In a world seemingly hell bent on you being an extrovert, it is often nice to have moments in your own company.
Hattie was amongst the few of us who would rather live a solitary lifestyle than pursue one in which she felt over encumbered with a crowd of people and their fast paced ones- full of social events and gatherings.
‘Far too many problems’, she often thought as she went about her day cooped up in her small, albeit rather quaint, apartment.
She had outgrown the need for televisions and most daily conveniences we usually consider part of a normal household, comparing watching the news to having the entire world sitting with her in her shoebox sized accommodation.
Hattie was and remains correct about the aforementioned; we turn into something not dissimilar to an electrical appliance, ‘plugged in’, watching a world go about it’s business without us yet we feel part of it all the same.
Whilst biologically still a young, reasonably attractive woman, Hattie by nature, seemed humble to the point that you could quite rightly think she had been born a century too late or that she had lived a full life before this one.
Rarely leaving her home, she took refuge in solace only stepping into the outside world when necessary- which wasn’t often and only ever more than once when the sun was shining but the temperature was that of a brisk winter morning.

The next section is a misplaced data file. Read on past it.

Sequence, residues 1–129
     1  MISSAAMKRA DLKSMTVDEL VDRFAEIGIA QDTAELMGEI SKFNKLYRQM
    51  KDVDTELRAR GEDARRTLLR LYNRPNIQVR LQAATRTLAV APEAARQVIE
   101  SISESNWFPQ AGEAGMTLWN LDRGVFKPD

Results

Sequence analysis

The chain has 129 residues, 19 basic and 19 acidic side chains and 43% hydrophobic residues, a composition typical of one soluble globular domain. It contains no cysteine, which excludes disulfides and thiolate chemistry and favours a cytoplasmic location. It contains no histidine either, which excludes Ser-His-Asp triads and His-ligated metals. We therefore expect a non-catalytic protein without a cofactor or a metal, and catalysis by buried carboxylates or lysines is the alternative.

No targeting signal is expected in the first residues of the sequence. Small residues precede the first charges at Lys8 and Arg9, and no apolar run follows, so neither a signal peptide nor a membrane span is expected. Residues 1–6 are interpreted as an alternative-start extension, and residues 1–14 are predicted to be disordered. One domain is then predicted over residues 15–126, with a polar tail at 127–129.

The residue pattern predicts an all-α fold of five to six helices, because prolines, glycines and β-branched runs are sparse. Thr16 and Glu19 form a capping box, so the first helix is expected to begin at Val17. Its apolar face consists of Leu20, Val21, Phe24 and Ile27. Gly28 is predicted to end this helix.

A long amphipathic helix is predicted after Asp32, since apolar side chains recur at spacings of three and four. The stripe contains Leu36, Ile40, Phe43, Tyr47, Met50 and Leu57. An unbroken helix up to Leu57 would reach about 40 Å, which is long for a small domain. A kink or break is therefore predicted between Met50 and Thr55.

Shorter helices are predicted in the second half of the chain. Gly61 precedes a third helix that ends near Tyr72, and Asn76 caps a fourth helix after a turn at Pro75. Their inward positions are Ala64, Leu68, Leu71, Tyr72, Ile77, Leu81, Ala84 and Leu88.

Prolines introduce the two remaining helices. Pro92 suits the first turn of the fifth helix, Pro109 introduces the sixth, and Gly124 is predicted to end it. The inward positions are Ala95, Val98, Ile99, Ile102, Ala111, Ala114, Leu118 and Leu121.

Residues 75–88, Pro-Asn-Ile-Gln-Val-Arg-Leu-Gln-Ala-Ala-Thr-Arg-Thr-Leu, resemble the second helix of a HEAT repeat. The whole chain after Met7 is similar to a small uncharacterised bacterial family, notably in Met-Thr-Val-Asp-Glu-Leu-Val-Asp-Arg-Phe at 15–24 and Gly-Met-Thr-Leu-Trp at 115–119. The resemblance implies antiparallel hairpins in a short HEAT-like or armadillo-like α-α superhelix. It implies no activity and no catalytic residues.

Hattie would stroll along, being paid no mind by other pedestrians as if she were an apparition, a trick of the light, a distant memory even.
The world was so wrapped up in its own ego to address its ever increasing problems; ‘far too many problems’ thought Hattie ‘why does nobody see that there’s far too many problems? Why be given eyes if we never use them?’
This was why Hattie preferred to be such an introvert- you get swept up by a tide of self absorbed people drowning in a plethora of issues that in time you lose sight of the surface.
Be like Hattie. Live for you. Replace a large ego with a small, albeit rather quaint sense of self satisfaction.